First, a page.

The €100 billion in investments to rebuild Italy infastructure

From the National Recovery and Resilience Plan to the 2021 budget, here’s a look at the Italy’s resources for a new era of infrastructure spending

What sort of firepower is Italy deploying to revitalise its infrastructure network? The investment figures can be hard to decipher, because funding for projects being overseen or planned at the Ministry for Infrastructure and Sustainable Mobility (MIMS) comes from the European Union, the Next Generation EU-backed National Recovery and Resilience Plan (NRRP), Italy’s own budget, and other European funds.

Italy’s state-owned export credit agency SACE has done the math, and in a new report it calculates that the total investment for infrastructure comes to about €100 billion ($100 billion) over the next ten years. The report, “Yesterday, Today and Tomorrow: Infrastructure in Italy,” outlines a breakdown whereby the NRRP contributes €40.01 billion ($40.01 billion) that the ministry will allocate to infrastructure works. Added to this are €20.11 billion ($20.11 billion in complementary national funding earmarked for projects with a higher degree of complexity.

But that’s not all, because 2021 budget allocated additional funds of €36.1 billion ($36.1 billion) to the MIMS, which are to be invested in upgrading the country’s mobility systems with a view to sustainable development. Adding up the various items, the grand total comes close to €100 billion to be spent over the next ten years to modernise the country’s infrastructure network. At the center are major strategic works, such as the development of the high-speed rail network, the completion of the TEN-T corridors, the upgrading of nodes, railroads and regional networks, and the narrowing of the gap between industrialised north and the underdeveloped south. This infrastructure will modernise the country on the one hand and contribute to increasing its wealth and welfare on the other.

Investment, a knock-on effect of nearly €40 billion in wealth produced

More investment, more infrastructure, more wealth produced and distributed in Italy. SACE’s study was carried out by Oxford Economics, which focused on the impact of infrastructure in light of the NRRP investments.

The NRRP investments in construction will have an important impact on the country’s economy and welfare: spending on investment in infrastructure and mobility on projects carried out by the Ministry of Infrastructure and Sustainable Mobility will generate an added value of €37.8 billion in direct and indirect economic activity. This is extra wealth that will be distributed in the coming years in areas across Italy where the infrastructure projects are now under construction today. From Liguria to Veneto, from Marche to Campania, from Calabria to Sicily, almost all of Italy’s regions will benefit from the cascading effects produced by infrastructure investments. This spending will create tens of thousands of new hires at both contractors and their suppliers, and more generally improve the economies of the surrounding areas, ensuring constant and significant GDP growth in the coming years.

Sustainable mobility in first place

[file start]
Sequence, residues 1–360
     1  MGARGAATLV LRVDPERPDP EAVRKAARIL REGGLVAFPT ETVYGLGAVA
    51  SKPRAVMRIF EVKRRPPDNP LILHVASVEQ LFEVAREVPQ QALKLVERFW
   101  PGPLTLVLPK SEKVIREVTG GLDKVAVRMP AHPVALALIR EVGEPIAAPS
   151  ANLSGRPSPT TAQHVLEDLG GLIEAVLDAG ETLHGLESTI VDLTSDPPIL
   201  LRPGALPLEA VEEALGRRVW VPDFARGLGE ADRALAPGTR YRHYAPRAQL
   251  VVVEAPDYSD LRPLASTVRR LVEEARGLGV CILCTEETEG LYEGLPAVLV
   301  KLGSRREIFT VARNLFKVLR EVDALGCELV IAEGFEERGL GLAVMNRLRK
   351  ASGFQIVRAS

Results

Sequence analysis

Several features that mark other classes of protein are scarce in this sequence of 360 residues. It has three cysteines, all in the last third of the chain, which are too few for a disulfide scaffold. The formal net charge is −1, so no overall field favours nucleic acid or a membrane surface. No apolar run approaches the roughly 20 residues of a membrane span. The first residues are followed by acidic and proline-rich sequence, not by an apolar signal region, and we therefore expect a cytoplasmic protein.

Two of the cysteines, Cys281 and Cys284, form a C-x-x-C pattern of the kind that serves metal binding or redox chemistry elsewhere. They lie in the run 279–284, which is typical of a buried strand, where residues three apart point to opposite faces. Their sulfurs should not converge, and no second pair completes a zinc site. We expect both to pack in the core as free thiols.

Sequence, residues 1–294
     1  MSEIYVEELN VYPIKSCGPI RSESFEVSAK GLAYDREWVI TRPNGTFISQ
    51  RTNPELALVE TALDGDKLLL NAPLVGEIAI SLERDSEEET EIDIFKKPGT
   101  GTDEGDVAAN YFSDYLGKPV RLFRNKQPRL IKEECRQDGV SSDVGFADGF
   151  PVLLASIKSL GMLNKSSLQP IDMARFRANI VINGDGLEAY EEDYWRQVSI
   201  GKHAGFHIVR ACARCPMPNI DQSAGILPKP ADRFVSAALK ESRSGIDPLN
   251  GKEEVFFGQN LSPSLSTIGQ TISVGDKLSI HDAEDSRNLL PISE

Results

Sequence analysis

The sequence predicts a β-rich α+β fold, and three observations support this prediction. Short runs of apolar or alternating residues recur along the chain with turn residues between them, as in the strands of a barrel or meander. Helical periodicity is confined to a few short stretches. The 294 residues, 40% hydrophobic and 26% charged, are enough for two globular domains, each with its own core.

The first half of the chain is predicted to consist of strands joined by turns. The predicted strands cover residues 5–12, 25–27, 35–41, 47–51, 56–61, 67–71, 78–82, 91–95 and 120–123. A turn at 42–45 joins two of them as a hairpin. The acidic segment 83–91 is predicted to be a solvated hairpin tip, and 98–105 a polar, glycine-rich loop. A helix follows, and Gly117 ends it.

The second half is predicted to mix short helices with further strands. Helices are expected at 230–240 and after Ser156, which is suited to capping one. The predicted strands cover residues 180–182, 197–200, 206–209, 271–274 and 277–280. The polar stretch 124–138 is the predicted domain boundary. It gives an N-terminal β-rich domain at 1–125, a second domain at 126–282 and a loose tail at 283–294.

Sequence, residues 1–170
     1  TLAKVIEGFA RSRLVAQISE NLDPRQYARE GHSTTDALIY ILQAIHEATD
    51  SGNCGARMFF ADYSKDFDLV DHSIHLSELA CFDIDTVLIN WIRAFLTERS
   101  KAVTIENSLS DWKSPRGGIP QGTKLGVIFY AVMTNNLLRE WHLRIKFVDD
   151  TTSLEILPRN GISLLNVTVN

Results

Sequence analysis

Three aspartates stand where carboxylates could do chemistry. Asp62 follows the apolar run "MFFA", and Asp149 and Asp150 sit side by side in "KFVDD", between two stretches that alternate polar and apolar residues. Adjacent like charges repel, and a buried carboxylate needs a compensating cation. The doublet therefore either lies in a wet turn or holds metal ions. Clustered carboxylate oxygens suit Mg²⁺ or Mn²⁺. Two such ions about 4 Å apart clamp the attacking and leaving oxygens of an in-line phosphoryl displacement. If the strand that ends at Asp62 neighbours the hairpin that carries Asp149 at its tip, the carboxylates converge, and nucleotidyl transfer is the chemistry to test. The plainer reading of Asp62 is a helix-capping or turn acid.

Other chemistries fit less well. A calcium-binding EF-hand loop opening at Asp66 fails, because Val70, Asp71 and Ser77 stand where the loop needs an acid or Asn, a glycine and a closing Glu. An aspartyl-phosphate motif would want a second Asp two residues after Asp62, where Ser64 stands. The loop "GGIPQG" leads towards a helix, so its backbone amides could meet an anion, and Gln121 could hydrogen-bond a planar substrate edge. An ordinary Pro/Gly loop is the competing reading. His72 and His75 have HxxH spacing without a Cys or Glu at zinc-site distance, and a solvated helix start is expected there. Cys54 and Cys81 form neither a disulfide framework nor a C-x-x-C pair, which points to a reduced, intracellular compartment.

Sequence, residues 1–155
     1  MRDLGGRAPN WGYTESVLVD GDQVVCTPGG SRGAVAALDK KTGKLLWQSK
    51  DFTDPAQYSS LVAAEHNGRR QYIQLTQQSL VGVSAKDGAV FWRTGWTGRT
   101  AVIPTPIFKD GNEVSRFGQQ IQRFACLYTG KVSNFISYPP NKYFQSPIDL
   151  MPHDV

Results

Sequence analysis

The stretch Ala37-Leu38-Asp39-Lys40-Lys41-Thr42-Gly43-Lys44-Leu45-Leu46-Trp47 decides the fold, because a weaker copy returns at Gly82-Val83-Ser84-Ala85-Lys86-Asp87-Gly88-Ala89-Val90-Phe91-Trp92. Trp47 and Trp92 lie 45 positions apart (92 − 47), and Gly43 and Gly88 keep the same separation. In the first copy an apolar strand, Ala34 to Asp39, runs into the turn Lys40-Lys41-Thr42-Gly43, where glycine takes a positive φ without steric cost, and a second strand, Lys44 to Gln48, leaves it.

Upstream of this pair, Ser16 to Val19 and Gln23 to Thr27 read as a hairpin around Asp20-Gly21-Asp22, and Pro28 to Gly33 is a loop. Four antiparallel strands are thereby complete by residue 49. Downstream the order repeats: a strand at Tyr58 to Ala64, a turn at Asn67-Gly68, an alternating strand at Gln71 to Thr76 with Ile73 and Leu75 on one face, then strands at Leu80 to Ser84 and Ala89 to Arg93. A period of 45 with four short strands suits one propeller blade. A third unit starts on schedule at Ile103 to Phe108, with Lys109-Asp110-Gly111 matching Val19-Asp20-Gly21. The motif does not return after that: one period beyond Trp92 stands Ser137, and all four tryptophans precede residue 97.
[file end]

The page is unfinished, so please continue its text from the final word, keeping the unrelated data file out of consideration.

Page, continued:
Railways, ports, airports: these are the main investment targets to be modernised, upgraded, or built from scratch with new construction. In first place is sustainable mobility, followed by intermodality, or the linking of air and ship transport.

The infrastructure investments are already visible on the ground, with worksites open in half of Italy, from the Naples-Bari high-speed rail link and the Palermo-Catania high-capacity rail link, to the major works planned in the area around Genoa: the Giovi mountain pass and the Foranea Dam. From north to south, the focus is on sustainable mobility. According to analysis by Oxford Economics for the next five years, investment in railways, ports and airports will grow by an average of 3.8% per year, followed by spending on infrastructure related to energy and gas (+3.2%).

Starting with rail routes such as the Verona-Brenner to the new Brescia airport hub, infrastructure developments will focus mainly on the energy transition and environmental sustainability of the works.

But in addition to the most vital sectors, the entire infrastructure sector is set to experience a decade of growth. NRRP funds, accompanied by other allocated and planned resources, will keep the country’s infrastructure growing by an average of 1.7% a year over the next decade, a rate higher than the eurozone average, which is stuck at +1.5%.

The five-year period from 2021-2026 will see spending increase at a rate of 2.6% per year, only to become less intense in the following five years.

The global response to the crisis, an opportunity to grow abroad

Reading the NRRP as an Italy-only opportunity is surely a mistake. In fact, the Plan prepared by the government mirrors the many other maxi-investment projects that European partners, as well as the world’s most developed countries, have launched in recent months to respond to the crisis, first Covid-19 and now energy.

The funds made available by Europe but also by other governments, starting with the United States, offer a great opportunity for Italian companies beyond national borders. The proof once again comes from the numbers: in 2021, global construction turnover grew by 5.6% (exceeding $5 trillion), driven mainly by Asian demand, which now accounts for 42% of the world’s total. The trend is confirmed in the future as well: Oxford Economics forecasts global industry growth of 3.2% per year for the next ten years.

Hence the opportunity for large Italian companies that operate in international markets, from the United States to the Middle East, and are engaged in large projects around the world.